off the barrel, but the mills wanted the color so urgently that shipment was made and the product tested later in order to advise the mill what
strength they were receiving"
The new plant came under scrutiny in August 1916 by the Fire Department Bureau of Combustibles. Some Brooklyn citizens wanted to know if the
plant was making and storing explosives. They engaged a lawyer, Franklin Taylor, to make the inquiry but nothing unusual was found.
A loaded shrapnel shell, weighing thirty pounds, was found buried in the plant's coal bunker in September 1916. The shell was primed with a
fulminate of mercury percussion cap and it could have exploded if struck by a shovel. There was no evidence of malicious intent since the police
did not receive any complaint or threat to the company. Fire Chief Joseph Hammitt said the unexploded shell likely landed on a coal barge as a
result of the Black Tom munitions depot explosion in Jersey City on July 30, 1916 (see photo below).
Beckers Aniline entered sulfur dye production in early 1917 with the purchase of Standard Aniline Products in Wappingers Falls, New York, an
important producer of sulfur black. The purchase price was $2.5 million. The company became the second largest dye producer in the U.S. after
the Schoellkopf Aniline and Chemical Works in Buffalo.
In May 1917, Beckers Aniline & Chemical Works, capitalized at $5,000,000, was consolidated with Schoellkopf Aniline & Chemical Works of Buffalo
and Benzol Products Co. of Marcus Hook, Pennsylvania to form the National Aniline & Chemical Company, Inc. The total capital invested was $18.9
million. Dr. Beckers was named vice president and director.
An explosion of dye dust in the laboratories in July 1917 severely burned four employees. Grisante (James) Barotti, a dyer, died the next day in
Kings County Hospital from his injuries. Barotti was 35 years old and had come to the U.S. from Italy sixteen years earlier. The company did not
believe the explosion was the result of sabotage.
National Aniline & Chemical Company continued to operate the Brooklyn plant. Anthraquinone type dyes were introduced in early 1918. The plant
was the first in the U.S. to manufacture synthetic alizarin, from anthracene made in America. Also introduced were the acid alizarin blues, known
as alizarin sapphires, which were fast blue shades for woolens:
After the war, the alizarin sapphire dyes were in high demand due to their resistance to fading. By 1919, National Aniline and Chemical Company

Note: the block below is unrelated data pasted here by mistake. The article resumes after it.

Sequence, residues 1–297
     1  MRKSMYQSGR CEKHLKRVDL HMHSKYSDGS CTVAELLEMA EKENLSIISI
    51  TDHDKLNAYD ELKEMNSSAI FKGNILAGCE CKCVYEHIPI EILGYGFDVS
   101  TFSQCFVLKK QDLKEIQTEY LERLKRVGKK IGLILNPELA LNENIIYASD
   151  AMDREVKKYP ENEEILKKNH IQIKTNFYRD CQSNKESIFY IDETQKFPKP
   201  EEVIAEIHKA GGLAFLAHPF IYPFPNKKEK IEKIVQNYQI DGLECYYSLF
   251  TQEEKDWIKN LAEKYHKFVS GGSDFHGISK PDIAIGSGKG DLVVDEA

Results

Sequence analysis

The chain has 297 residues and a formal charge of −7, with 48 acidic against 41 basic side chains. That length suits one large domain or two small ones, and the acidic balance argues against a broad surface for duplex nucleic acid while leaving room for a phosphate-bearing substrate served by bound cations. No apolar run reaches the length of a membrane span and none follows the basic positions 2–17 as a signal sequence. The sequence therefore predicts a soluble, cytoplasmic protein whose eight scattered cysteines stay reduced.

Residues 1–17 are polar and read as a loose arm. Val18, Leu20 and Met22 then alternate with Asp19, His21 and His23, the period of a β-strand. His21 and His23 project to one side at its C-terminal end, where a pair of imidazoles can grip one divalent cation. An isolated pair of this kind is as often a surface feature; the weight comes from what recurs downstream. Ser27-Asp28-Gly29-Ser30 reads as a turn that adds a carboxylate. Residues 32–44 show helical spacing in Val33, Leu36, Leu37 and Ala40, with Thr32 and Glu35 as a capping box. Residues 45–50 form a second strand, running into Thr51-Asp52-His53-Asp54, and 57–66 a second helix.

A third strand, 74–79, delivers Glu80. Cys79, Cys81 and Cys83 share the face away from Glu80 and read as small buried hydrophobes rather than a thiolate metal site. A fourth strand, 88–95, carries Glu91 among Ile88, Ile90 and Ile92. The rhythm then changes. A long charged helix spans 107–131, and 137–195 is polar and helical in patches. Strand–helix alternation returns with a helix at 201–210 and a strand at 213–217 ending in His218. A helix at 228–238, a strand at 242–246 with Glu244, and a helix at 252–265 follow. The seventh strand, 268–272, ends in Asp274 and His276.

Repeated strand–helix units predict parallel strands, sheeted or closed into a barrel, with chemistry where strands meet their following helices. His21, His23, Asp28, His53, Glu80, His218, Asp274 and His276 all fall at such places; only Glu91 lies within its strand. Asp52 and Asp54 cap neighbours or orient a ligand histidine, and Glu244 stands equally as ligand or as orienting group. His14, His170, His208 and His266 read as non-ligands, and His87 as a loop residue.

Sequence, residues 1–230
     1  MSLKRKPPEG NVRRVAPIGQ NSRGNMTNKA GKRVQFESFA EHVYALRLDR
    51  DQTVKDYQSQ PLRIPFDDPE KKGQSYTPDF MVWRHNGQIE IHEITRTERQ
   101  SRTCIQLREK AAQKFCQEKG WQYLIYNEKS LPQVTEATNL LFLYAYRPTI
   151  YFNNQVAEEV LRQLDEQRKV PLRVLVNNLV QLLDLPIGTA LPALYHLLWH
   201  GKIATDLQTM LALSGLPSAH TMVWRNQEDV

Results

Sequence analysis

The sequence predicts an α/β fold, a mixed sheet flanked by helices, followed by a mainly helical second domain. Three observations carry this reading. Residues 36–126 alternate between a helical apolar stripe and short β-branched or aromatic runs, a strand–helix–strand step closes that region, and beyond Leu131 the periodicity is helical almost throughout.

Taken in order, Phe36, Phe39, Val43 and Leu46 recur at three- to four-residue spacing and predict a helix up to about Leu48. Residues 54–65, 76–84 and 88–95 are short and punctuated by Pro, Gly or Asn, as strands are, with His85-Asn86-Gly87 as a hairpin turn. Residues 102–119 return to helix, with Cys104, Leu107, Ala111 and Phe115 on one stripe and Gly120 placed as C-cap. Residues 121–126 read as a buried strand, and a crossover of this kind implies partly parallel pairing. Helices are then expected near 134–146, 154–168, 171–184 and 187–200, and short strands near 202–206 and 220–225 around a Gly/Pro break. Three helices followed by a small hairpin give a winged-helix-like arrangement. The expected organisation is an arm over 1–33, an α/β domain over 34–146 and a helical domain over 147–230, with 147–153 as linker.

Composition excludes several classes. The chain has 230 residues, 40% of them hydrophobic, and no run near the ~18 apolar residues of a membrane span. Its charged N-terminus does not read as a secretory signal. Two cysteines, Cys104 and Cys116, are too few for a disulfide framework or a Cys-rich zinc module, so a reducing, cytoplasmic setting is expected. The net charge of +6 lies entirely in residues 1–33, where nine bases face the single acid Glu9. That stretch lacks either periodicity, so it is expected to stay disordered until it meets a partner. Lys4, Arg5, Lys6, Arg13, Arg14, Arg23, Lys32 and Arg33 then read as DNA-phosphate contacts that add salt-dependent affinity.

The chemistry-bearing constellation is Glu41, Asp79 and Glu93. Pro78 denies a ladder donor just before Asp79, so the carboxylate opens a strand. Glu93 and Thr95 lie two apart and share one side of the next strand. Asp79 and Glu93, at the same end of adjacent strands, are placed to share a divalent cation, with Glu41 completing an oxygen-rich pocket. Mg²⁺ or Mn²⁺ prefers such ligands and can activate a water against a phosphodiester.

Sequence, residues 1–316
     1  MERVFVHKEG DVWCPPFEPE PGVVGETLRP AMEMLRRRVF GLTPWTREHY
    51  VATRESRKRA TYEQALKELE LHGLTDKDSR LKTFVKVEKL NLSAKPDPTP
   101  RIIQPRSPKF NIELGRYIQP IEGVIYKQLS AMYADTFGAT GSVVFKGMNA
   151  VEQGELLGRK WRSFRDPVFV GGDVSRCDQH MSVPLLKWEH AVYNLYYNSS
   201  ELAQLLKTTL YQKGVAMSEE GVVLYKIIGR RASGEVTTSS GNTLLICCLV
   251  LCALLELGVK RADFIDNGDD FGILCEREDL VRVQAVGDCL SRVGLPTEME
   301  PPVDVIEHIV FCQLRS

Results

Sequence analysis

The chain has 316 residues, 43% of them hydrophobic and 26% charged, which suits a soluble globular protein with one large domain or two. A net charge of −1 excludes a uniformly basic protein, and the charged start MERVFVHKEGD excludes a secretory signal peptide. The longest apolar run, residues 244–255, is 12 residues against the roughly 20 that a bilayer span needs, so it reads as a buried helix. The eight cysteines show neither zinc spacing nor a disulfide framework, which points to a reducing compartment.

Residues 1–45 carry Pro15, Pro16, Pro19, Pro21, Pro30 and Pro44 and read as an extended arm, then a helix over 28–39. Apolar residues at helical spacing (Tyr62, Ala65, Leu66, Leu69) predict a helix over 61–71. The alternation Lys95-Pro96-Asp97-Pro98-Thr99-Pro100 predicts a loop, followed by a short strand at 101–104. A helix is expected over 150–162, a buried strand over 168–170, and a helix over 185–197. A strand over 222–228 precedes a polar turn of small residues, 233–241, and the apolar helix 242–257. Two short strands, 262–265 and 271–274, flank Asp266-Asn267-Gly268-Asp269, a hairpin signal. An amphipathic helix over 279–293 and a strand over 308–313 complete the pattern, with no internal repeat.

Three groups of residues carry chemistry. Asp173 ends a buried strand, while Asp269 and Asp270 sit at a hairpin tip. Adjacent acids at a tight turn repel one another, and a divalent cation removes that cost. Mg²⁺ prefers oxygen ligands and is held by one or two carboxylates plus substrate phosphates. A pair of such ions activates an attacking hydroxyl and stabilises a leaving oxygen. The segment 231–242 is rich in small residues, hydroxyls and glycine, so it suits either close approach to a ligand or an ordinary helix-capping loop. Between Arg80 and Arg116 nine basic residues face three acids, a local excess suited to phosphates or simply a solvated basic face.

had spent $845,000 in R & D and manufacturing capacity to produce alizarin sapphire and carbanthrene blue, a vat dye, in its plants. An exhibit of
these dyes, highlighting their fastness properties on fabrics, was made at various department stores throughout the country (see ad below). The
high quality helped convince textile mills that American made dyes were equal to the best dyes from Germany.
Plans were made in August 1918 to add a two-story, 40 by 85 foot addition. The plant experienced an explosion in November 1918 which injured
two men and burned eight others severely. A leak in a distillation unit which contained raw material for aniline dyes caused the blast and
subsequent fire. Another fire in July 1919 resulted in $50,000 damage to the plant. In October 1920, John Tollard, the night watchman, survived a
volley of bullets from three armed robbers intent on stealing the $10,000 cash payroll. He returned fire, killing one of the bandits and foiling the
Production was gradually transferred to the National Aniline & Chemical Company plant in Buffalo. In January 1920, in one of the largest real estate
transactions recorded in Brooklyn, the plant was sold for $700,000 to Hilwalkal Corporation. This was a real estate holding company whose name
was derived from the syllables of the names of the directors: Jacob Hilder; Leo and Max Wallerstein, and Edwin L. Kalish. National Aniline &
Chemical leased the plant back to continue production operations until a decision was made about closure.
By the end of 1920, employment had been reduced to several hundred men. In 1921 the National Aniline & Chemical Company was combined with
four other companies to form the Allied Chemical & Dye Corporation, with capitalization of $175,000,000. Dr. Beckers was a director until his death
The Brooklyn plant was closed in March 1922 and the property remained idle for a few years. The Brooklyn Union Gas Company then purchased the
site and remodeled several buildings for their business. The former main office building of Beckers Aniline is still used today by KeySpan, the
energy company that acquired Brooklyn Union Gas several years ago.
Canarsie area historians report the Beckers plant provided many important jobs for residents but also presented safety and environmental issues.
The workers would come home at night with their hands, faces and clothing stained the colors of the rainbow. Neighbors recalled explosions in the